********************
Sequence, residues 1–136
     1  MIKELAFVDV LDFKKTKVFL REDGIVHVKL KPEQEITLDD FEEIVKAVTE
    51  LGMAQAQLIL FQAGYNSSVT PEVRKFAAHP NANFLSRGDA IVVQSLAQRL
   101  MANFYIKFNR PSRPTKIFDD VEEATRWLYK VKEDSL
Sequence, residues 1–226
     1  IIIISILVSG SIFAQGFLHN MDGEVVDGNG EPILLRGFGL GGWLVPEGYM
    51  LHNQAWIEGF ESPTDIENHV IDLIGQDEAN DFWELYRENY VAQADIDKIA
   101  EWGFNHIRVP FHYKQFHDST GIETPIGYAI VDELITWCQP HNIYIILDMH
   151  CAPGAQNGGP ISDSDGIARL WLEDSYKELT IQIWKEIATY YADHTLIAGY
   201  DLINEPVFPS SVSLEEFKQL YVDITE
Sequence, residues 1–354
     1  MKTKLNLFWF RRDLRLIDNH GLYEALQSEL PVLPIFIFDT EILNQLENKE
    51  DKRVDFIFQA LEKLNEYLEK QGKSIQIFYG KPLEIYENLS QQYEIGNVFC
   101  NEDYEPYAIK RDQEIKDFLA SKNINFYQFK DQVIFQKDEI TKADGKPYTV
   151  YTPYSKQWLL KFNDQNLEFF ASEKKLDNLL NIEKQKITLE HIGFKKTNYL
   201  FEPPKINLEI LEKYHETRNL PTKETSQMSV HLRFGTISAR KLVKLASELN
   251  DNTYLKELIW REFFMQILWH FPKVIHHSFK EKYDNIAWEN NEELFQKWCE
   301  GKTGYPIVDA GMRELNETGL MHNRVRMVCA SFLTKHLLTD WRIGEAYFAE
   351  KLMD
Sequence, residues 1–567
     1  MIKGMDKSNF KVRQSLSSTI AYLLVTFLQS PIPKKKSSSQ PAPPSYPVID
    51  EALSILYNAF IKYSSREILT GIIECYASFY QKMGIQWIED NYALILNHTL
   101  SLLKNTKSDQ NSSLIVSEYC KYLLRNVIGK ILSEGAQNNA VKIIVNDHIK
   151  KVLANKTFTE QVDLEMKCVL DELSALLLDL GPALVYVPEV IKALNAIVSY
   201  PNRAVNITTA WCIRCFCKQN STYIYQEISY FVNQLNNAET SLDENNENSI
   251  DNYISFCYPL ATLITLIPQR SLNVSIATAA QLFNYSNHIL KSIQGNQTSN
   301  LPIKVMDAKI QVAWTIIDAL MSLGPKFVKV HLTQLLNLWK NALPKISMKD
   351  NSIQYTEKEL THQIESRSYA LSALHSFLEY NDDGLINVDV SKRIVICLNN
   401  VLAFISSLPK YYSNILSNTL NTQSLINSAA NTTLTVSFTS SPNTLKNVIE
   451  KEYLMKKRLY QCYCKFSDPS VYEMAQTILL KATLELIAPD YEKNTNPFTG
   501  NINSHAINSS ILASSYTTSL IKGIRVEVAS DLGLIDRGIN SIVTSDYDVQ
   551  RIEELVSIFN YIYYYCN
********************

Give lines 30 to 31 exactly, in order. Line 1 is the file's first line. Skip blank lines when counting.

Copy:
   451  KEYLMKKRLY QCYCKFSDPS VYEMAQTILL KATLELIAPD YEKNTNPFTG
   501  NINSHAINSS ILASSYTTSL IKGIRVEVAS DLGLIDRGIN SIVTSDYDVQ